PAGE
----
Thus, we learn from this parsha that the ideal method of dating is that the boy should never leave the yeshiva. He should continue learning and merely send a servant with 10 camels and loads of gifts and jewelry to Boro Park or wherever the girl lives and cajole her to drop everything and come and move into the boy's mother's tent. We also learn that he should seek a beautiful virgin, the younger the better - as young as 3 years old - even if he is pushing 40. We also learn that the quaint trick of poisoning the servant and keeping the camels, jewelry, and gifts does not always work – though it may be worth a try.
Alas, circumstances have changed ever so slightly in just a mere 3,700 years whereas it may not be so easy to emulate the ways of our forefathers. For one thing, Camels now come in packs of 20, not 10, and most women prefer Newport Lights. Secondly, there are contemporary legal restrictions against pursuing 3 year old virgins. In fact, our rabbanim have been advising us to pursue older virgins as more and more of them are pushing 40. Thirdly, I have a premonition that one of the many great "changes" that we can expect from the upcoming Obama administration is that it may become a bit harder to obtain reliable Kanaani servants. And, finally, one ramification of the worsening economic situation is that we may have to cut back drastically on camels, jewelry and gifts. Let's face it, not all of us were "blessed with everything." Most of us don't even have enough to load up one pygmy llama – forget about 10 camels.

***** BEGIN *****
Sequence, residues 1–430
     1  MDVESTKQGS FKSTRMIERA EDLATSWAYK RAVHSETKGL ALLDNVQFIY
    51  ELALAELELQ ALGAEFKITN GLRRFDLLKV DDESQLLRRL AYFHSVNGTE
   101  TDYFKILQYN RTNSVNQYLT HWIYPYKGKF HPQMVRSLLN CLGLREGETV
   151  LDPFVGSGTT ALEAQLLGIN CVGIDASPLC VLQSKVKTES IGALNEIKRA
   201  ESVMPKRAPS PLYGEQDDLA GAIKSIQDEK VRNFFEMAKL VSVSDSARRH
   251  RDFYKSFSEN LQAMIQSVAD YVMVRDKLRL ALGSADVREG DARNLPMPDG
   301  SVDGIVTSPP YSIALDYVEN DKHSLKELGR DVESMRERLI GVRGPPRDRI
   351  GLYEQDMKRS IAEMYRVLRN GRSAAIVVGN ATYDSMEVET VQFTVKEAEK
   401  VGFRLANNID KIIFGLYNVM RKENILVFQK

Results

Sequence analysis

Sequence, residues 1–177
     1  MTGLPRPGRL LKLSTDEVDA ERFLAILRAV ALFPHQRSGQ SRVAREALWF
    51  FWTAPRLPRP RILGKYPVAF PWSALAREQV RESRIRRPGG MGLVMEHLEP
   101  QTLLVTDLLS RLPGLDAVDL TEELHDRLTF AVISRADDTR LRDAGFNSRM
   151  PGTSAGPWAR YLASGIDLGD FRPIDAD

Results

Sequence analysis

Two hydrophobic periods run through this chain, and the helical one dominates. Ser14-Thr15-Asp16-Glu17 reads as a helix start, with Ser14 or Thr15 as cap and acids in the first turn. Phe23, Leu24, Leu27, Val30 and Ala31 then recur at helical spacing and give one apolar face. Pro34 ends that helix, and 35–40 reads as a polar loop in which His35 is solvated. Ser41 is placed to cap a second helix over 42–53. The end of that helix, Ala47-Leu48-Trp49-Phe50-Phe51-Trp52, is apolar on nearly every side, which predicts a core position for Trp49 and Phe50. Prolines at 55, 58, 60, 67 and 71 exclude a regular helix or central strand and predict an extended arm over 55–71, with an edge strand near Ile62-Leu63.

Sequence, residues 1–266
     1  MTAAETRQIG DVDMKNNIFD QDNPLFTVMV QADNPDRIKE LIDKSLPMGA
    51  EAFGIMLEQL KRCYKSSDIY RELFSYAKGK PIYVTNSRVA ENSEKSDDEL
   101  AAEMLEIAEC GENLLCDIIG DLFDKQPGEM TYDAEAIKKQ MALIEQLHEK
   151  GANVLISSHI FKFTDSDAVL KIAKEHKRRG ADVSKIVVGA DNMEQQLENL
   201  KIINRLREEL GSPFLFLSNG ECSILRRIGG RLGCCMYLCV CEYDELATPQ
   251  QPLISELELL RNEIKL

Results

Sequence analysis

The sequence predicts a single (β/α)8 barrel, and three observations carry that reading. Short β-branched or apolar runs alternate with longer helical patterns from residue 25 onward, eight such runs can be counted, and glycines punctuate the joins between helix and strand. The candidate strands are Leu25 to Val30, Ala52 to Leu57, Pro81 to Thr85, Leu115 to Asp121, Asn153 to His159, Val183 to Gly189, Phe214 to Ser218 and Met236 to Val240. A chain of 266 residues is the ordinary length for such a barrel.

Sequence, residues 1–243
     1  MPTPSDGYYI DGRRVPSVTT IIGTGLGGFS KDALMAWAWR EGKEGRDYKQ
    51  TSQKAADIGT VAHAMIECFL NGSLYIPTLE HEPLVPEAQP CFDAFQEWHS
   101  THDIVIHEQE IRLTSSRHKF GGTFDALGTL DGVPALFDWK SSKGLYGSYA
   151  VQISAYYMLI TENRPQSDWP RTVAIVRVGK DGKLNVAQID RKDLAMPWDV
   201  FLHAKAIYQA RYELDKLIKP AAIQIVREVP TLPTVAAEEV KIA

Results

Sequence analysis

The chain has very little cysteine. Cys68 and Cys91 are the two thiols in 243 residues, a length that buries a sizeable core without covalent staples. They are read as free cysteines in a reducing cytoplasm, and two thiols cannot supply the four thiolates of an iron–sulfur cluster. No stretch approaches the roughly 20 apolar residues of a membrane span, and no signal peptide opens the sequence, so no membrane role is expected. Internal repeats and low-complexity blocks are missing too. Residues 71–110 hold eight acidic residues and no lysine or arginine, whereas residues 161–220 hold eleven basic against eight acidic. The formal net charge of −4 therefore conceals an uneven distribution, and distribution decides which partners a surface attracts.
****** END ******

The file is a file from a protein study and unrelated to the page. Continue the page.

So now we do things differently – the particulars of which I plan to elaborate on in a forthcoming post.
Because of these slight changes, many claim that we have lost our sense of direction when it comes to pursuing shidduchim. And we are finding ourselves in the midst of a shidduch crisis. Or, at least, that is what everybody is calling it. And we are looking for ways to "fix" the system. Currently, we are getting all kinds of advice from every Jon, Shmilik, and Harry.
But is it really broken?
Jonathan Rosenblum doesn't think so. And neither do I.
To explain this, let me state that there is something deceptive about this debate and this is that the parties are oft-times comparing apples to oranges. This is because there are 2 distinct problems. There is (1) the singles problem that plagues the Westernized non-chareidi world and there is (2) the demographics problem that is plaguing the chareidi world.
The crux of the chareidi "problem" is that marriageable girls far outnumber the boys. As the Beach Boys (and Philly boys and Passaic boys and Fallsburg boys and Chaim Berlin boys and Telzer boys, etc.) so aptly put it:
And we're goin' to Surf City, 'cause it's two to oneOr, close to it.
You know we're goin' to Surf City, gonna have some fun
You know we're goin' to Surf City, 'cause it's two to one
You know we're goin' to Surf City, gonna have some fun, now
Two girls for every boy
This creates what every businessman knows is a "buyer's market". And a buyer's market can be cruel.